Mr. Blair said Saddam cannot be trusted to cooperate with U.N. inspectors based on a past "catalog of attempts by Iraq to conceal its weapons of mass destruction, not to tell the truth about it over not just over a period of months, but over a period of years."
Mr. Bush noted that Congress — with the House voting 360-38 and the Senate voting unanimously — adopted resolutions in 1998 calling for regime change in Iraq.
"The Clinton administration supported regime change. Many members of the current United States Senate supported regime change. My administration still supports regime change.
"This man is a man who said he was going to get rid of weapons of mass destruction, and for 11 long years he has not fulfilled his promise," the president said.
Still, Mr. Bush, who has repeatedly said he has not decided on a course of action in Iraq, said there are plenty of options other than a military strike.
"Theres all kinds of ways to change regimes," he said.
Mr. Blair has said he will release documents within the next few weeks detailing the threat posed by Saddam. Mr. Bush — who aides say is planning to use his U.N. address to say that unless there is immediate multilateral action, the United States will act alone — sought to persuade Americans to back his call to oust Saddam. "Americans must understand that when a tyrant like Saddam Hussein possesses weapons of mass destruction, it not only threatens the neighborhood in which he lives, it not only threatens the region, it can threaten the United States of America, or Great Britain for that matter," Mr. Bush said.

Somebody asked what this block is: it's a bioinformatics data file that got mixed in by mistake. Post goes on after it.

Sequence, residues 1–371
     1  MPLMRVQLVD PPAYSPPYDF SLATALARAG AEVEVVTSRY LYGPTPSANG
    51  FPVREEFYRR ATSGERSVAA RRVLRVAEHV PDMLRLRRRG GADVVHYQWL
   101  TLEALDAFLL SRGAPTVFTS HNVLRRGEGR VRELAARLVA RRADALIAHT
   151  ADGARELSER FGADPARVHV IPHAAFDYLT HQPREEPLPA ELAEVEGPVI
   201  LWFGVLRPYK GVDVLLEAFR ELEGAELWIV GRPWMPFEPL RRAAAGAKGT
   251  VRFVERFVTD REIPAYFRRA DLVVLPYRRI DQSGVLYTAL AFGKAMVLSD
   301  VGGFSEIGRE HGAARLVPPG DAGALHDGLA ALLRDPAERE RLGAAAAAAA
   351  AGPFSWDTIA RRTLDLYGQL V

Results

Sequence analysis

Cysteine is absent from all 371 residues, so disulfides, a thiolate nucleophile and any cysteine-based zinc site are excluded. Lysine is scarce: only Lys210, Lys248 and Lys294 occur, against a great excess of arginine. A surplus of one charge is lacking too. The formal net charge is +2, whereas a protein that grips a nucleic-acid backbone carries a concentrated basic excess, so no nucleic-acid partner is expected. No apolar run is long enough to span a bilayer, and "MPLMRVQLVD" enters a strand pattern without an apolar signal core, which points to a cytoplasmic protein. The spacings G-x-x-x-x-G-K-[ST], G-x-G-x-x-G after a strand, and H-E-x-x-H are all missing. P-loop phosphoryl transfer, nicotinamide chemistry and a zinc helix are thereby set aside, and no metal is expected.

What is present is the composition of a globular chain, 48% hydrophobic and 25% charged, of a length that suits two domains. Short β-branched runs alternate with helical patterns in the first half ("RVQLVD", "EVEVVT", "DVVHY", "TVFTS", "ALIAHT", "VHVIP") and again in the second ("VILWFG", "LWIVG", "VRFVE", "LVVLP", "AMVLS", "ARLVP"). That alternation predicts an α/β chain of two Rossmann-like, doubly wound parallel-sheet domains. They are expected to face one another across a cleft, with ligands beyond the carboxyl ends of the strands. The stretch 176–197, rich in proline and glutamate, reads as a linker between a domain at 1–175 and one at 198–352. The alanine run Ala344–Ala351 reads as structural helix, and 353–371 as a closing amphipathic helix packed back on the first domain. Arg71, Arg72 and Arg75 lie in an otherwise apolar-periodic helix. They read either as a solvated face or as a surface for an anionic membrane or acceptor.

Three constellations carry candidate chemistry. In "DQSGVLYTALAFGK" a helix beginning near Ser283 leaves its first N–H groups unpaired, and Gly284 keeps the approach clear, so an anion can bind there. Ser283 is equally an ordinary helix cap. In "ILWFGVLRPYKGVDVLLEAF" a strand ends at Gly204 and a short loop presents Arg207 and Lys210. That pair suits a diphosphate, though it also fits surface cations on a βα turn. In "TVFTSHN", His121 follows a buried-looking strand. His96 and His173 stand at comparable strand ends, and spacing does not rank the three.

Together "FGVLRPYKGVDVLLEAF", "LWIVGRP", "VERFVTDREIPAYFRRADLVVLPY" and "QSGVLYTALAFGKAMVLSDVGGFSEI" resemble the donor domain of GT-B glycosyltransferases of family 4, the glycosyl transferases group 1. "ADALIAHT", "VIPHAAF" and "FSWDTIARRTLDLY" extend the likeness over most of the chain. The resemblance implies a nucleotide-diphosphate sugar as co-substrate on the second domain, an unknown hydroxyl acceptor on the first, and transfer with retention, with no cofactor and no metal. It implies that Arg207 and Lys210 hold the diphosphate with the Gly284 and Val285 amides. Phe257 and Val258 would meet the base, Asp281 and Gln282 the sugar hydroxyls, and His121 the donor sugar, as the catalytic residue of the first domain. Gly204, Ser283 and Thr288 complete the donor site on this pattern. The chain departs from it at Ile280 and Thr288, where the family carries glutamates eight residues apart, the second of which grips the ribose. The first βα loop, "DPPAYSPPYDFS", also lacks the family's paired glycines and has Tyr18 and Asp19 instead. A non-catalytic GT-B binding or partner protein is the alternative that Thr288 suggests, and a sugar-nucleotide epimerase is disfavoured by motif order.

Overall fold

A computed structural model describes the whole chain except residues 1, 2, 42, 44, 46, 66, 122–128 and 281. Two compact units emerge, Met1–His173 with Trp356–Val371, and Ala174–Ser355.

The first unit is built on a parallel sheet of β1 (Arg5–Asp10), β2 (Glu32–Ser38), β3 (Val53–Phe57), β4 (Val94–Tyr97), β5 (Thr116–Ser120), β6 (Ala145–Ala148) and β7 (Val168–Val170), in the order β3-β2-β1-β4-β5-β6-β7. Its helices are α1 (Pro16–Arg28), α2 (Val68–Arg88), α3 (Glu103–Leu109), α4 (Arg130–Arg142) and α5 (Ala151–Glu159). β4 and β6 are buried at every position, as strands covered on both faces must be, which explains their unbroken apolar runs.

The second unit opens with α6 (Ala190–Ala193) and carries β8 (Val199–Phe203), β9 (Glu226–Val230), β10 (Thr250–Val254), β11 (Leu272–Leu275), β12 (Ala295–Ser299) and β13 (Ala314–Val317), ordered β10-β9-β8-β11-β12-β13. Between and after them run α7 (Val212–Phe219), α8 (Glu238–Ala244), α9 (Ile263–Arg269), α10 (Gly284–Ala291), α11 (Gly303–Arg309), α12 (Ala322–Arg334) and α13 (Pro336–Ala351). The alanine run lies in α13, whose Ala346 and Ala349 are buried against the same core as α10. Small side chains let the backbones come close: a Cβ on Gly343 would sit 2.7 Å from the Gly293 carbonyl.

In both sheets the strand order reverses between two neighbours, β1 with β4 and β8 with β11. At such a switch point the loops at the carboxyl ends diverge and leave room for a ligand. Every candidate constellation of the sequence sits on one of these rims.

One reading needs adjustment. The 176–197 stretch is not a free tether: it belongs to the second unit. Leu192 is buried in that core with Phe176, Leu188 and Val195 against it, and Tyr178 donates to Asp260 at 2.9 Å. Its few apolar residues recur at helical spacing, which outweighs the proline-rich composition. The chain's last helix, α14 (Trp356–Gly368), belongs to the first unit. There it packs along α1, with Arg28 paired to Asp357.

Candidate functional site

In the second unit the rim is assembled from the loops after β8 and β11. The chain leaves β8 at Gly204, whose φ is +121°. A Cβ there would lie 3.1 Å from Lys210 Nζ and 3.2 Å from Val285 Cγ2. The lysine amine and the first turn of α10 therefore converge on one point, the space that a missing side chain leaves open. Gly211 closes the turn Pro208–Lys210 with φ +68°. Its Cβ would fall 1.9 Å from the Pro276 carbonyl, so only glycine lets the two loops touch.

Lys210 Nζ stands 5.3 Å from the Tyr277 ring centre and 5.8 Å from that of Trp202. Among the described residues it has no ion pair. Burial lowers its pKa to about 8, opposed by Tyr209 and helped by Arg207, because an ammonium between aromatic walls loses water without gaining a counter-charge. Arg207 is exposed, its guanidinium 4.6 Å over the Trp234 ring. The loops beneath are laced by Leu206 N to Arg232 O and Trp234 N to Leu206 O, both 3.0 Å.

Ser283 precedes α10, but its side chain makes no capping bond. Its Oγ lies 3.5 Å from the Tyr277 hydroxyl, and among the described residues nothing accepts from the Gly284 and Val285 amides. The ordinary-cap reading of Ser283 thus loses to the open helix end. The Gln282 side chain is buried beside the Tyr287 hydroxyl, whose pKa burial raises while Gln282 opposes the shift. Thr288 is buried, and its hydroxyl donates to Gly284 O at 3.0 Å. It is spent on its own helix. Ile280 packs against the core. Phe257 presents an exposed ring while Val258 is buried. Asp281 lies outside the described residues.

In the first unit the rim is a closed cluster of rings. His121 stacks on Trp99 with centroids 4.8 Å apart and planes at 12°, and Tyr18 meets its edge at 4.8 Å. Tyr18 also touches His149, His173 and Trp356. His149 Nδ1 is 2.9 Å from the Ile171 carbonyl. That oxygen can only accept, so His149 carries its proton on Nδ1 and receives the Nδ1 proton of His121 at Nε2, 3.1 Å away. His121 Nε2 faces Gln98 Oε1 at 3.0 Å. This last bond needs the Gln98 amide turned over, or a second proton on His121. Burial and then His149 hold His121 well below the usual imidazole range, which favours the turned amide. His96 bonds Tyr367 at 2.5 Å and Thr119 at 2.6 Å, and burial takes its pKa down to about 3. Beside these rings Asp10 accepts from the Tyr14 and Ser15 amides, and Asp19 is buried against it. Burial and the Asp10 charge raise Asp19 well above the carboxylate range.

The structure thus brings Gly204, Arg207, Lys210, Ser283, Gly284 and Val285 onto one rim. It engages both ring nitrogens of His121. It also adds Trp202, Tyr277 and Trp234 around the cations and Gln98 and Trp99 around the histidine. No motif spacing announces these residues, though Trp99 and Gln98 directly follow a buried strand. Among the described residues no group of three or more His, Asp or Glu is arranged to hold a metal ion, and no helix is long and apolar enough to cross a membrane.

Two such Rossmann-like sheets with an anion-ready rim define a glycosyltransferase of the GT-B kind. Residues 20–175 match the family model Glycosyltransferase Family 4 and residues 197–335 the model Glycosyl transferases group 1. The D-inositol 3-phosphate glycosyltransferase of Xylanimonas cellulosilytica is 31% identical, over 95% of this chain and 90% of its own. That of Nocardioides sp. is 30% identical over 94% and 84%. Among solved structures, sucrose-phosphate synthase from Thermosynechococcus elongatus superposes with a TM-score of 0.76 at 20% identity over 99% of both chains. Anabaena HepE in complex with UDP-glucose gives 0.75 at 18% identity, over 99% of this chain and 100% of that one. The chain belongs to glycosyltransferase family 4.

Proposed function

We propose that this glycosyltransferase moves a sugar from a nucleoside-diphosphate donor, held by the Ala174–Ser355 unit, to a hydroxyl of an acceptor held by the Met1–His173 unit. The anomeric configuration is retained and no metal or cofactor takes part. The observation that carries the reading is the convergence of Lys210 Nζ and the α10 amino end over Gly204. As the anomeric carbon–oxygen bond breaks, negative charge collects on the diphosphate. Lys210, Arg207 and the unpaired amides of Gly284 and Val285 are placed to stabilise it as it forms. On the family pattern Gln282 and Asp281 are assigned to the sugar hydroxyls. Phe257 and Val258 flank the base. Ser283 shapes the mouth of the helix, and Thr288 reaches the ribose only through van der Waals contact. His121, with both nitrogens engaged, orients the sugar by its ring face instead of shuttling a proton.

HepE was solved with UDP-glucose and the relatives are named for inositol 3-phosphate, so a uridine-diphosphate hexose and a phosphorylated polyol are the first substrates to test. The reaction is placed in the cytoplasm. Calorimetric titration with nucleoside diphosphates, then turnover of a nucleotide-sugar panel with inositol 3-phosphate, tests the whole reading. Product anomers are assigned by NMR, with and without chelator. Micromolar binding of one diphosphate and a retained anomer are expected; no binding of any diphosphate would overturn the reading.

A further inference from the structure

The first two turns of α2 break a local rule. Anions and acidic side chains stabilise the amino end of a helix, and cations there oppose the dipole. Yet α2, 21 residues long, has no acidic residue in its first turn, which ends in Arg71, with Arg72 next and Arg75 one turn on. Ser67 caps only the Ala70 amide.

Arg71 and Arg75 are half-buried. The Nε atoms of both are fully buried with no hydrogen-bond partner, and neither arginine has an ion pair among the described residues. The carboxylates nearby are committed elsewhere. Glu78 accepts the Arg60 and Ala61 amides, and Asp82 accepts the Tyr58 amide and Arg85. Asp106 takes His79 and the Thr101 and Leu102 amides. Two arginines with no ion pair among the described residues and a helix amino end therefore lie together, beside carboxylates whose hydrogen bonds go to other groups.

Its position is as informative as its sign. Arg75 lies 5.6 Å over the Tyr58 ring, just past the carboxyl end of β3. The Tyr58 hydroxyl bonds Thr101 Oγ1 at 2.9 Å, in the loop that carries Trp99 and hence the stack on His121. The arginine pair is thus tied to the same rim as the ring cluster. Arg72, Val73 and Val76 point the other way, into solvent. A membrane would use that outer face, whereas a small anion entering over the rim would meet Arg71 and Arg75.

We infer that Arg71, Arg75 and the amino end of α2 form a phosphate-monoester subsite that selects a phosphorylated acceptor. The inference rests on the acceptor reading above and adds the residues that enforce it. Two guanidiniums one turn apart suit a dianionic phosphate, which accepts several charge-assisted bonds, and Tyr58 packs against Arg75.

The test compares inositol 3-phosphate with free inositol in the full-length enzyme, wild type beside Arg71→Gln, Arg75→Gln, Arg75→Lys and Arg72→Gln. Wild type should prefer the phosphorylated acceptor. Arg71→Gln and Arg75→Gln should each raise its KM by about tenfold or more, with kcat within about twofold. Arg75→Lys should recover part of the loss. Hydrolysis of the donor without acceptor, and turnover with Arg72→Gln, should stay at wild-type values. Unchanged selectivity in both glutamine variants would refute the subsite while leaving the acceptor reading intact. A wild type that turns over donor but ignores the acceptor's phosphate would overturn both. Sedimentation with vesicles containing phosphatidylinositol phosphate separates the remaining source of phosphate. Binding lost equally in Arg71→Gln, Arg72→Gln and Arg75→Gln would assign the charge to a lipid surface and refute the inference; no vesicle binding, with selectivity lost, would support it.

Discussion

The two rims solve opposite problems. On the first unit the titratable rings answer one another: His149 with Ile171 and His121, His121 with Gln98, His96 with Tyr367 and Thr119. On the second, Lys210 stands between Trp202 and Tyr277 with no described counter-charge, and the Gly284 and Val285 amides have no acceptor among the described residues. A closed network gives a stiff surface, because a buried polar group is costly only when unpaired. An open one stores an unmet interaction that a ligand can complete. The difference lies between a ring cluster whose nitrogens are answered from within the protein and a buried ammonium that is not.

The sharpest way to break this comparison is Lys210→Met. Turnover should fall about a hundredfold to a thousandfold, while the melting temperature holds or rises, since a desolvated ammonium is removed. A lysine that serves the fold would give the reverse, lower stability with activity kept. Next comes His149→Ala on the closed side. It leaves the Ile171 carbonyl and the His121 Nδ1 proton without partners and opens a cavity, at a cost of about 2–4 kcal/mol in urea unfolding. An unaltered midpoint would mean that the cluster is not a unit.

On Friday, Mr. Blair said his nation is prepared to back the United States "when the shooting starts." Britain is one of five permanent members of the U.N. Security Council, along with the United States, Russia, China and France. Each holds veto power over any U.N. resolution on Iraq. The other three council members came out Friday in opposition to the U.S. plan to oust Saddam.
Meanwhile, Secretary of State Colin L. Powell defended Washingtons mounting campaign for action against Iraq, saying Saddam — not Mr. Bush — is responsible for the growing talk of war. "It is not the United States who is bringing the battle to Saddam Hussein; it is Saddam Hussein who is bringing the battle to the entire international community," Mr. Powell said in an interview with the French newspaper Le Monde. Mr. Powell said Saddams continued defiance of U.N. resolutions has made Baghdads weapons program an issue that concerns the world.
A day after Russian President Vladimir Putin rejected Mr. Bushs request for support of military action to oust Saddam, Russian Defense Minister Sergei Ivanov said the United Nations must decide the matter. "It is necessary to send weapons inspectors to Baghdad without conditions to check whether Iraq is producing mass-destruction weapons or not," Mr. Ivanov said.
In Iraq, Information Minister Mohammad Said al-Sahhaf said he doubted whether readmitting U.N. weapons inspectors would prevent a U.S. attack.